While prescription antiemetics are sometimes prescribed, research has shown that cannabis can significantly help relieve CINV as well. Indeed, anecdotal and scientific evidence supports the fact that medical cannabis can help in this regard perhaps more than any other modality. A 2001 systematic review found that THC was more effective than some traditional anti-nausea drugs in relieving chemotherapy-induced nausea and vomiting.
In general, a full-spectrum cannabis dosage form can offer enhanced benefits for nausea with fewer side effects than THC-only products. In states where inhaled cannabis is legal, studies have found that this dosing method will deliver more speedy relief and can potentially prevent vomiting since the cannabinoids will hit the bloodstream minutes after you take the first puff.
Vape cartridges are a good alternative to cannabis flower.
Ensure that you purchase them from legal cannabis dispensaries and not off the street. Also, always make sure that the brand you choose contains all-natural ingredients. In the past, there have been fatalities linked to the use of vape cartridges that were laced with vitamin E acetate, which is usually used as a diluent.
Cannabis edibles, gummies, and capsules are easy to use, safe, and can control nausea just as good as inhaled forms. Keep in mind, however, that it usually takes about 1-2 hours before you will start to experience relief. Fortunately, this relief will last longer than inhaled forms once it sets in, usually 5-7 hours.
When using cannabis for nausea, it also is important to find a strain that has significant levels of tetrahydrocannabinol (THC) and other cannabinoids and terpenes that promote entourage benefits. That being said, the best advice when you are starting out is to begin with the smallest dose possible. This is usually 2.5 mg if you have never medicated with cannabis before (or even 1.5 mg if you think you may be extra sensitive).
Be patient while observing the effects. Some medical cannabis dosage forms, such as edibles, take longer to “kick in” than others. If you are convinced that you need a higher dose, you can always adjust upwards accordingly until you find what works for you. While doing so, be careful and take it slow.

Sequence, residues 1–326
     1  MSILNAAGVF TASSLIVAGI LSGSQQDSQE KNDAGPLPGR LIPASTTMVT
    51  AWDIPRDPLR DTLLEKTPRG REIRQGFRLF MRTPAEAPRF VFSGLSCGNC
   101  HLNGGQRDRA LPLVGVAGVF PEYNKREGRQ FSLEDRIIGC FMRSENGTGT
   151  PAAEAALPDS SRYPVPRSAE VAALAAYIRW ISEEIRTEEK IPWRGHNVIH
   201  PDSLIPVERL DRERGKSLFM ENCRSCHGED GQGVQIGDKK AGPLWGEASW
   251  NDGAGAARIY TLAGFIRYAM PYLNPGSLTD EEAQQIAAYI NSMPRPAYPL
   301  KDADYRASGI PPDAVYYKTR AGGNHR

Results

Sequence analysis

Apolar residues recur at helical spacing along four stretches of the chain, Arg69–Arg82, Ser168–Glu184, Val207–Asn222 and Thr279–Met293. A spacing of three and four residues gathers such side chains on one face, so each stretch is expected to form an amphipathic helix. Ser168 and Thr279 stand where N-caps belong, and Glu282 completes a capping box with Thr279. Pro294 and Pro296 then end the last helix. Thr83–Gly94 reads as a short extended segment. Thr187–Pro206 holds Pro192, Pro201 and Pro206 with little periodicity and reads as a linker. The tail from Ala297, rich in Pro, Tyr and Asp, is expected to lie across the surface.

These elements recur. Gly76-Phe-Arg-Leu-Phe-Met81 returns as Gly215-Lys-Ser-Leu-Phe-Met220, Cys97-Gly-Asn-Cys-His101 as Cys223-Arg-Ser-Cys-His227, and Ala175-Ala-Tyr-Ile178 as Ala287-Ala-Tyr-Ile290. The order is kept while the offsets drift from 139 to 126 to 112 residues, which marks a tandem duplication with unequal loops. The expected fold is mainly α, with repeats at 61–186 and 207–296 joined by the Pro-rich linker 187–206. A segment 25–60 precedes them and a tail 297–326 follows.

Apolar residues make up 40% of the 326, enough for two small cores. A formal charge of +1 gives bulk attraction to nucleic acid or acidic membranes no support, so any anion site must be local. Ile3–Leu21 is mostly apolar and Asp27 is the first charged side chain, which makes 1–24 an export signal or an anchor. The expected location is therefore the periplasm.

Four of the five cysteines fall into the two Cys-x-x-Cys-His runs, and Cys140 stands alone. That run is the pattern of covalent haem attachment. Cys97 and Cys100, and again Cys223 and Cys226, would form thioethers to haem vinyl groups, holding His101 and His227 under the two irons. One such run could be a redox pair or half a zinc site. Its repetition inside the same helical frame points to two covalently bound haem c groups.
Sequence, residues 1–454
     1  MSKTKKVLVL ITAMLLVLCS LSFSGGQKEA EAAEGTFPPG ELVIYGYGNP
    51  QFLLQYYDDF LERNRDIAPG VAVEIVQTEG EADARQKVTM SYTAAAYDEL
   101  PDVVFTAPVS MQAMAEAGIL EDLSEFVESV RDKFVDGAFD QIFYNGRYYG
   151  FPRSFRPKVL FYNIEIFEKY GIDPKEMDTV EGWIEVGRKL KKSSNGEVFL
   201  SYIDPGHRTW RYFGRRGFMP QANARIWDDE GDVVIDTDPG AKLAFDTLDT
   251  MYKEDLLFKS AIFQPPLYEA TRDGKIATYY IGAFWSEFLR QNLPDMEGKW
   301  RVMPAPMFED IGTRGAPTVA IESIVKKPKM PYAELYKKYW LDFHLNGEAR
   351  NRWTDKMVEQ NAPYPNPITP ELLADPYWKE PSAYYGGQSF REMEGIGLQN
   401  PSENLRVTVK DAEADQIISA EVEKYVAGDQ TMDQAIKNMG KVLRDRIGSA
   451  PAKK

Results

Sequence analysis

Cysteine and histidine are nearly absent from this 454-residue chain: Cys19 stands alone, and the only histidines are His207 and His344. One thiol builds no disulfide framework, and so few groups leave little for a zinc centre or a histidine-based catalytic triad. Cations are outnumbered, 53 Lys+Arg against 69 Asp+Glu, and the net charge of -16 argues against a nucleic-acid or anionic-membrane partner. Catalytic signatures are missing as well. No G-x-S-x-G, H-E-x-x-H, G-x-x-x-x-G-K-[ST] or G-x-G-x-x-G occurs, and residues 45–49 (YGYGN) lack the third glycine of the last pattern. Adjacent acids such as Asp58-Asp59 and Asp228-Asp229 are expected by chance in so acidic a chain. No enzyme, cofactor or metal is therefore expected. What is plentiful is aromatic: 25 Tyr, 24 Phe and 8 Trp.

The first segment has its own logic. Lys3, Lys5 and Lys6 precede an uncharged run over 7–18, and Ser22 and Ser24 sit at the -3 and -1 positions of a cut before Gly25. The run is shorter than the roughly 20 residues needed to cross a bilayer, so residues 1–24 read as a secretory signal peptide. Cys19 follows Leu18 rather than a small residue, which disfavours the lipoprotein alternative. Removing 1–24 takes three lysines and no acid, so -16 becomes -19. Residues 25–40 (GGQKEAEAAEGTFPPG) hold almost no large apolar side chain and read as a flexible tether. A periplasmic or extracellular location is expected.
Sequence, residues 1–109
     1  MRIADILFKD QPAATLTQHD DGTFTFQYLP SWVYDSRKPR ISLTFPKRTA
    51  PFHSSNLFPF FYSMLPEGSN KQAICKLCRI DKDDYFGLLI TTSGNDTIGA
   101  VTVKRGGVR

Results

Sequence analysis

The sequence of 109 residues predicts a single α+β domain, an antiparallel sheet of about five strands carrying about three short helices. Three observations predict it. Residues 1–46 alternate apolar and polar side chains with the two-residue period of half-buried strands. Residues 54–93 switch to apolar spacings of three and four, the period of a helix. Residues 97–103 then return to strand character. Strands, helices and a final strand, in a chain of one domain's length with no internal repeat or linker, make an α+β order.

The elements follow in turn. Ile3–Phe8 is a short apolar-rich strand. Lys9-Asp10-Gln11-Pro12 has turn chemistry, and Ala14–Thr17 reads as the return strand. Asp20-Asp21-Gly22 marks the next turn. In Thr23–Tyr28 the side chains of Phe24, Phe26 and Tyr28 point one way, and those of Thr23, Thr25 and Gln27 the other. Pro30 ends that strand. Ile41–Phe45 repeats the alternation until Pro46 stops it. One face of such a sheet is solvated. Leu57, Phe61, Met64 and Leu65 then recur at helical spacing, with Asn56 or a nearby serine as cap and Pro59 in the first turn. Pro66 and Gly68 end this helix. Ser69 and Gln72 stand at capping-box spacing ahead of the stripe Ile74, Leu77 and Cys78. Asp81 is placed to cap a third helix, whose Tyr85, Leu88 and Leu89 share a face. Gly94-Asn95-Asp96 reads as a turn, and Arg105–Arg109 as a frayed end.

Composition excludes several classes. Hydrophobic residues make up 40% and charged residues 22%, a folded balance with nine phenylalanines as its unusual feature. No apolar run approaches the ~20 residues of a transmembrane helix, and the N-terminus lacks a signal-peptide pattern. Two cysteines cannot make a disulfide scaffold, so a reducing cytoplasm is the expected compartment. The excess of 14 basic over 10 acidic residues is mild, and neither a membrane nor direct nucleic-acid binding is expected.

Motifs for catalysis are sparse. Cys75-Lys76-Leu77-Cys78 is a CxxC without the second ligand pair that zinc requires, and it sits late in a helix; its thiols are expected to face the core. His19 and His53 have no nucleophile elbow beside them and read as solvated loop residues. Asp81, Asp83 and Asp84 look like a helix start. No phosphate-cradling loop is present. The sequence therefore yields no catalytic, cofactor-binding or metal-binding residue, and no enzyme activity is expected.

It is also important that you work with a professional cannabis advisor if you are using cannabis for CINV. Our pharmacists all hold doctorates in their profession and are also trained in medical cannabis use and practices. Because of this, they are able to give you professional advice concerning drug interactions with cannabis as well as other factors, such as dosing recommendations. Reach out to them today for a FREE consultation. We are usually able to get you speaking with a professional within 24 hours!
Like we stated above, the best thing to do is to speak with a professional about your dosing needs. That being said, an effective starting dose in general for most people when it comes to THC is 2.5 mg to start.
The good news is that in Utah you can absolutely use cannabis to control chemotherapy-induced and naturally-caused nausea and vomiting. It is totally legal and many people use it for these symptoms, once you have obtained a medical cannabis card. In addition, any patient under hospice care can also use cannabis for nausea.
The first thing you will need to do is apply for a Utah medical cannabis card that will allow you to purchase cannabis from any Utah dispensary. The second step is to speak with a medical cannabis professional, such as the certified, professional pharmacists we have on staff at WholesomeCo.
In conclusion, there is ample evidence that shows that cannabis can help with nausea and chemotherapy-induced nausea and vomiting. For thousands of people each year, THC in cannabis suppresses the vomiting reflex, while CBD tackles the anxiety and pain that can trigger nausea and may be a viable option to steer away from other medications.
1. Tramèr, M. R., Carroll, D., Campbell, F. A., Reynolds, D. J., Moore, R. A., & McQuay, H. J. (2001). Cannabinoids for control of chemotherapy-induced nausea and vomiting: a quantitative systematic review. BMJ (Clinical research ed.), 323(7303), 16–21.
2. Parker, Linda A., Rock, Erin M., Limebeer, & Cheryl L. (2011). Regulation of nausea and vomiting by cannabinoids. British Journal of Pharmacology. (Clinical research ed.), 163(7), 1411–1422.
3. Bolognini, D., Rock, E. M., Cluny, N. L., Cascio, M. G., Limebeer, C. L., Duncan, M., Stott, C. G., Javid, F. A., Parker, L. A., & Pertwee, R. G. (2013). Cannabidiolic acid prevents vomiting in Suncus murinus and nausea-induced behavior in rats by enhancing 5-HT1A receptor activation. British journal of pharmacology, 168(6), 1456–1470.
4. Volkow, N. D., & Weiss, S. (2020). Importance of a standard unit dose for cannabis research. Addiction (Abingdon, England), 115(7), 1219–1221.